- Writes are serialized. Not serialized as in the isolation level, serialized as in there can only be one write active at a time. Want to spread writes across multiple disks? Sorry.
- CouchDB uses a MVCC model, which means that updates and deletes need to be compacted for the space to be made available to new writes. Just like PostgreSQL, only without the man-years of effort to make vacuum hurt less.
- CouchDB is simple. Gloriously simple. Why is that a negative? It's competing with systems (in the popular imagination, if not in its author's mind) that have been maturing for years. The reason PostgreSQL et al have those features is because people want them. And if you don't, you should at least ask a DBA with a few years of non-MySQL experience what you'll be missing. The majority of CouchDB fans don't appear to really understand what a good relational database gives them, just as a lot of PHP programmers don't get what the big deal is with namespaces.
- A special case of simplicity deserves mention: nontrivial queries must be created as a view with mapreduce. MapReduce is a great approach to trivially parallelizing certain classes of problem. The problem is, it's tedious and error-prone to write raw MapReduce code. This is why Google and Yahoo have both created high-level languages on top of it (Sawzall and Pig, respectively). Poor SQL; even with DSLs being the new hotness, people forget that SQL is one of the original domain-specific languages. It's a little verbose, and you might be bored with it, but it's much better than writing low-level mapreduce code.
Wednesday, December 31, 2008
Wednesday, December 24, 2008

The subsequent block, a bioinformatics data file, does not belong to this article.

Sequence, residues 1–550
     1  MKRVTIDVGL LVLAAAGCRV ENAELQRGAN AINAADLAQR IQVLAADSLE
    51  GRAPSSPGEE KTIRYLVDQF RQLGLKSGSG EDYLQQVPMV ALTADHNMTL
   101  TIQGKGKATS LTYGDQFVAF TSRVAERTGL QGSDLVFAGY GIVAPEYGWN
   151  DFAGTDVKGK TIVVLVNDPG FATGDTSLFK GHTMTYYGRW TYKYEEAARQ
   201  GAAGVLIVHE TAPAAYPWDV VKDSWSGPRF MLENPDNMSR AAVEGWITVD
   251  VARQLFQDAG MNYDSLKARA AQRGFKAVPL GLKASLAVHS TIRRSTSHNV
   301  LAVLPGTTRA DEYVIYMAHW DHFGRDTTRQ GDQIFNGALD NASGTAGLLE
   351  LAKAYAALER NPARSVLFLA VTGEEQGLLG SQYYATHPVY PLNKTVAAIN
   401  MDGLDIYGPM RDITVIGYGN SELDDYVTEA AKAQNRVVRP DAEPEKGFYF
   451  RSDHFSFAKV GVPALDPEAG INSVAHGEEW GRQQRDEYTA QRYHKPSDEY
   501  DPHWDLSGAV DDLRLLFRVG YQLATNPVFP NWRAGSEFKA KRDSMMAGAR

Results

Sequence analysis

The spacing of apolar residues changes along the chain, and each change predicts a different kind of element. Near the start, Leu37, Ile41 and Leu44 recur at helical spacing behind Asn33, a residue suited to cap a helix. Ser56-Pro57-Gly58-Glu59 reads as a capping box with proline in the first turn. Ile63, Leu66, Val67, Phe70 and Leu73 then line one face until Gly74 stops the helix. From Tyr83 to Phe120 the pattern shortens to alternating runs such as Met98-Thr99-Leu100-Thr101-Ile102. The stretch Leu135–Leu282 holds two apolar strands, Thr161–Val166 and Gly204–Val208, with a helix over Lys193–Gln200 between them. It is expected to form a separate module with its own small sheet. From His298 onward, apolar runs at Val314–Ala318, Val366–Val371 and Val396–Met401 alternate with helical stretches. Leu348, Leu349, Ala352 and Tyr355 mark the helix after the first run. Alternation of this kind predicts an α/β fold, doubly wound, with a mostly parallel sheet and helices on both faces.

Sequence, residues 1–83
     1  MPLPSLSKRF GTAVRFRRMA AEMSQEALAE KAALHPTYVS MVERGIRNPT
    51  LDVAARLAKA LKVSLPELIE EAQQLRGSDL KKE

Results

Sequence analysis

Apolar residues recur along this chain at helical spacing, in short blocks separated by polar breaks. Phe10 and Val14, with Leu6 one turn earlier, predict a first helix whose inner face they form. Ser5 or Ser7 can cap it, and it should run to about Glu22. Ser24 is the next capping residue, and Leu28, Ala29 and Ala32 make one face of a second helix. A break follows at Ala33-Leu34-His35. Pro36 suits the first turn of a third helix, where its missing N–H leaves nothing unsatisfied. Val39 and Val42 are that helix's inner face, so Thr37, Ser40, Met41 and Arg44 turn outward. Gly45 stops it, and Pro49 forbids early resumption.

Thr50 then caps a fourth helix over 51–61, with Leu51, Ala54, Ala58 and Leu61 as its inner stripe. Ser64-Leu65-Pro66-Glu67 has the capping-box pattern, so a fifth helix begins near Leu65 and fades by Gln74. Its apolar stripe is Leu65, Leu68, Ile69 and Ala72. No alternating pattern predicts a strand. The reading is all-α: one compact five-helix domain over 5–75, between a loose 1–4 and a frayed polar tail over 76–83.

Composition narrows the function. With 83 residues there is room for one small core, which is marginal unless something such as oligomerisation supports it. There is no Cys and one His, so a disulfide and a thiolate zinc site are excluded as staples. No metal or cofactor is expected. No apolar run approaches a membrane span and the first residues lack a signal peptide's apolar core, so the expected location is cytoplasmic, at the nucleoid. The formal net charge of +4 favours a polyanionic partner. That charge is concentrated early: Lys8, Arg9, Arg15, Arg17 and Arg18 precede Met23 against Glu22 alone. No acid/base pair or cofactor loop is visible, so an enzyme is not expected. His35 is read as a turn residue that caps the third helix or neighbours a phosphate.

Today marks one month that I've been working for Rackspace's RackLabs with the Mosso group in San Antonio, Texas. (Anyone want to start a Python group? The closest one is in Austin.)
It's kind of a gentle introduction to big company culture for me; at around 2,000 employees, Rackspace is easily ten times as large as any other company I've worked for, and 100 times as large as most. Mosso is a lot smaller and RackLabs itself is smaller still, but I still had to go to five days (!) of corporate orientation. Other than that, though, we're pretty much left alone by our corporate parent.
To start with, I'm working on Mosso's Cloud Files, which is basically an S3 competitor. Cloud Files is similar to the work I did at Mozy, but there are a lot of technical differences. Some are driven by Cloud Files being more of a general purpose storage engine than the one I wrote for Mozy; others stem from the Cloud Files authors being Twisted fans.
Strange coincidence: as with Mozy, I share an office here with a Debian developer, probably the only one in San Antonio. My experience is that debian developers are pretty sharp guys, probably in no small part due to the rigorous screening process you have to go through. They set a high bar.
Of course this continues to be my personal blog, and all opinions are mine alone. RackLabs has its own blog for when they want to say something official.
Friday, December 19, 2008
I'm a little over a week into a git immersion program. Let me just say that git's reputation of being a little arcane (okay, more than a little) and having a steep learning curve is 100% deserved.
One thing that would mitigate things is if git would give you feedback when you tell it to do nonsense. But it doesn't. Here's me trying to get machine B to always merge the debug branch from machine A when I pull:
232 git config branch.debug.remote origin 234 git config branch.master.remote origin 236 git config branch.master.remote origin/debug
All of these commands completed silently. None accomplished what I wanted. In the end I renamed master to old and debug to master to avoid having to fight it. Then I blew away my working copy and re-cloned because those config statements had created a new problem that I didn't know how to undo.
I'm sure the git virtuosos out there will know what was wrong. That's not the point. The point is that the tool gave me no feedback. It was like git was telling me, "Figure it out yourself. Or don't. I don't care." Which is par for the course with my git experience so far.